Then, in the middle of the issue, he changes it up, shifting to a two-by-four layout in its most basic form, but willing to combine the areas of those panels on some page layouts. What’s particularly clever is that he doesn’t change it right away, he has a slight overlap between the two halves as the ‘song’ switches from one melody/beat to another, punctuated with a full-page shot of Lorelei in her car, arriving in two, the event that separates the two halves of this story. Lapham executes this structure and changeover with skill and precision.
Beyond the construction of pages, Lapham’s art is very clean this issue as, for the first half, he focuses on creating tableaux images that convey a lot of information and relate to the text. The second half of the issue shifts to more character-based compositions with an emphasis on body language, broken up by the odd panel reminiscent of the first half of the issue.
I’m not sure that I have a whole lot to add to that, because I nailed my thoughts and feelings on this issue when I wrote that review. Actually, it’s one of my favourite CBR reviews that I’ve written. I’m not sure if I would have gotten the double-song structure of this issue without the title pointing that way, but, man, David Lapham read my fucking mind when he decided to this issue.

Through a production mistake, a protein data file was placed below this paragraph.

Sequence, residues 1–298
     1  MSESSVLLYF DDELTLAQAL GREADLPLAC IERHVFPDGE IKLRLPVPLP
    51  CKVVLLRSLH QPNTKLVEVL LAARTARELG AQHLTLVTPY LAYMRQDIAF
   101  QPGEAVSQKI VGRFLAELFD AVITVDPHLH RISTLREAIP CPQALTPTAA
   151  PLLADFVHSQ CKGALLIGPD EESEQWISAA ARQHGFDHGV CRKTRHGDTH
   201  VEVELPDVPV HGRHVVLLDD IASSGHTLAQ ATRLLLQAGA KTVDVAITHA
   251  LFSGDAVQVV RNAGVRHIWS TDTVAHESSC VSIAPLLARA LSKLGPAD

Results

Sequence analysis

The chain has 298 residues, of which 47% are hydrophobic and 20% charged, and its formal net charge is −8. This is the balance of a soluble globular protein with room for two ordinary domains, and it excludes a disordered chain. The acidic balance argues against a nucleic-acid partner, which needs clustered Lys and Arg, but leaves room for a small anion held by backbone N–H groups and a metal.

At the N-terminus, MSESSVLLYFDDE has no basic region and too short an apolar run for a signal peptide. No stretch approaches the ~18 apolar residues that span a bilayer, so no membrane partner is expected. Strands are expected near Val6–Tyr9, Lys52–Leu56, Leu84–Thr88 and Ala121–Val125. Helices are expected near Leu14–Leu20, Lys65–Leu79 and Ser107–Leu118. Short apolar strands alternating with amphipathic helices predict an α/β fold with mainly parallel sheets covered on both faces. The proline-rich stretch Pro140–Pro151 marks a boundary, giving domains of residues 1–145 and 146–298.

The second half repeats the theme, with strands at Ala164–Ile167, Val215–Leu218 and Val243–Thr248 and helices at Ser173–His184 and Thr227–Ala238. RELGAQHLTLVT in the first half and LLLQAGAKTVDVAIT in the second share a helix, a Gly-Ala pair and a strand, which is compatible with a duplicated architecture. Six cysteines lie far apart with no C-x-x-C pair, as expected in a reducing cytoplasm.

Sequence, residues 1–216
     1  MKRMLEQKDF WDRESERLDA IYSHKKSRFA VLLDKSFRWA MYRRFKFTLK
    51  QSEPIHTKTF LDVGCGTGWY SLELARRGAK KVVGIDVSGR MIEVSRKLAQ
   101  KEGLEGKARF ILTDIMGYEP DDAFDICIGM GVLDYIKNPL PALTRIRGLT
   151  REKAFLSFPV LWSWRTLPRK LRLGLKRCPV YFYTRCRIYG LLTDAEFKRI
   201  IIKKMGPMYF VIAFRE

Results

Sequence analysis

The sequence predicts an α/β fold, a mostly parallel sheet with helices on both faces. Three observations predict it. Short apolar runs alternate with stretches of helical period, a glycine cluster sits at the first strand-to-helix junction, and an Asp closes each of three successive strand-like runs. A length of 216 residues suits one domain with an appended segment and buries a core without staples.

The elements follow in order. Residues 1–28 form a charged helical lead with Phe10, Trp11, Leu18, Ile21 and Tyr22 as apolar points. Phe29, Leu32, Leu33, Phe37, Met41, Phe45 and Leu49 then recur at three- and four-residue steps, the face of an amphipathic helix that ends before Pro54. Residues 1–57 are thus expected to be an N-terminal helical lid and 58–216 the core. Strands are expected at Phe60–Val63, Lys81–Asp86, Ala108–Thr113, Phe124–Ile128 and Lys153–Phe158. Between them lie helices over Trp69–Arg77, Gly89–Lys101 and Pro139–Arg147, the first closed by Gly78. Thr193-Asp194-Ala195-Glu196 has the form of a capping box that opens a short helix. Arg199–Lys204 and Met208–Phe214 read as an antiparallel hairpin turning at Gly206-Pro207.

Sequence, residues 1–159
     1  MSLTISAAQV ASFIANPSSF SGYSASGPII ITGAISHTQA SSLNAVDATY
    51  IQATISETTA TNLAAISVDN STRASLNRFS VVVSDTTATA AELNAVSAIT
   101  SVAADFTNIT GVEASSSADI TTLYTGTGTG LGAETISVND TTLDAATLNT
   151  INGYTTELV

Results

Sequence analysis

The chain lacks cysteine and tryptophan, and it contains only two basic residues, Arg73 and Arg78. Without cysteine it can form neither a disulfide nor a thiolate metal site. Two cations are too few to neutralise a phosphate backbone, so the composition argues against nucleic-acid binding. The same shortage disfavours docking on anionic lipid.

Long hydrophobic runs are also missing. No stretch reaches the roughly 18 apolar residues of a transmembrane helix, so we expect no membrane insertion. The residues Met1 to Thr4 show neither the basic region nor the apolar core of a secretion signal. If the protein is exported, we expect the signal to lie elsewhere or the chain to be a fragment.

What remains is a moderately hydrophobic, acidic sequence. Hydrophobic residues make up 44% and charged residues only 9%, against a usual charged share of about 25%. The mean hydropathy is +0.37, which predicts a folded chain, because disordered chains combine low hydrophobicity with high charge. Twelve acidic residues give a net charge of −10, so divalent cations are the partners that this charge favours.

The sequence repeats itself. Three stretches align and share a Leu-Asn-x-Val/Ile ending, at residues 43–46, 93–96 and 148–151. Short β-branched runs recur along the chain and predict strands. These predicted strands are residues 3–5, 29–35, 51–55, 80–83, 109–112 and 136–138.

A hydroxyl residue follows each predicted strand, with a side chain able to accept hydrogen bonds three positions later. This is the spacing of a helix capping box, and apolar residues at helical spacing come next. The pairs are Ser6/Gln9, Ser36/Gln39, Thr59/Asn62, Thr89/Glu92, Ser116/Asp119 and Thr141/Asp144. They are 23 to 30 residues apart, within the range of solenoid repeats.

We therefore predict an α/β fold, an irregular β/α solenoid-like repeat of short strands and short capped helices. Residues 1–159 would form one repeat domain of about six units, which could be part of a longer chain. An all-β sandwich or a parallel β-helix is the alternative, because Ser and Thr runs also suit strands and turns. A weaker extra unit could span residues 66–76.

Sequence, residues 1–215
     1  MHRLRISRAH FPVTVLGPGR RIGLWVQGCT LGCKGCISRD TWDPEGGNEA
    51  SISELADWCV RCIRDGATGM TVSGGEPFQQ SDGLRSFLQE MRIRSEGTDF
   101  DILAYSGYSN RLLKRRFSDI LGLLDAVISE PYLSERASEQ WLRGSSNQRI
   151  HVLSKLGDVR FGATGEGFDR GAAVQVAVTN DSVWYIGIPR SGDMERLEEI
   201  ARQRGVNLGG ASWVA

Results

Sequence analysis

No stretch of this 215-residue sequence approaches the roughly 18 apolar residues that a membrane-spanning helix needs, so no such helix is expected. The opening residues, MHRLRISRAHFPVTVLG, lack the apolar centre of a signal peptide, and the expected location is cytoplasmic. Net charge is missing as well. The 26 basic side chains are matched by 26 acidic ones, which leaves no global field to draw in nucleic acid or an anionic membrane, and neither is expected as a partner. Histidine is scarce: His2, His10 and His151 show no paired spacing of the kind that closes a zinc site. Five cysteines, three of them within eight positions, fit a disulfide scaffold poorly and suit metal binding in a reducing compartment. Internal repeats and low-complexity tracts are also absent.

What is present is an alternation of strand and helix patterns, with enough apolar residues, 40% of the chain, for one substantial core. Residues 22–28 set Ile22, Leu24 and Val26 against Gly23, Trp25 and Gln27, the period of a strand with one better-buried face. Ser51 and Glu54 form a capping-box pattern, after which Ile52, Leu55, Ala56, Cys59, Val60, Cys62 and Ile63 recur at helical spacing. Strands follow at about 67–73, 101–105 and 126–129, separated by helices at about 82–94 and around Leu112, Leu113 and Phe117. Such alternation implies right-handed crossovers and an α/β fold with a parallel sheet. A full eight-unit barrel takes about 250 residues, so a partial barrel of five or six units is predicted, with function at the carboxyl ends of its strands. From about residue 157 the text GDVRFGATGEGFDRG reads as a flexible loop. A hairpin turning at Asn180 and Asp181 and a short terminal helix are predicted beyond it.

Some of you may know that I’m a writer of fiction (I have a Master’s in English Language and Literature with a specialisation in creative writing) and one of my obsessions since sometime in late high school has been the idea of capturing what music does in prose and comics. Poetry can do it rather easily since a lot of songs are just poetry (of a sort — and ranging in quality) set to music with a slightly different structure than most poems. But, trying to accomplish it in prose and comics? That’s what I’m talking about!
And the double-song, best showcased in “No Sugar Tonight/New Mother Nature,” has been my white whale of sorts. I’ve tried to capture that structure and feel numerous times — and have done alright sometimes. I can think of at least one comic script and one one-act play where I used that structure whatever effect. The structure is simple: one song, change over to another song, the other song, and then bring it all together by combining the two at the end.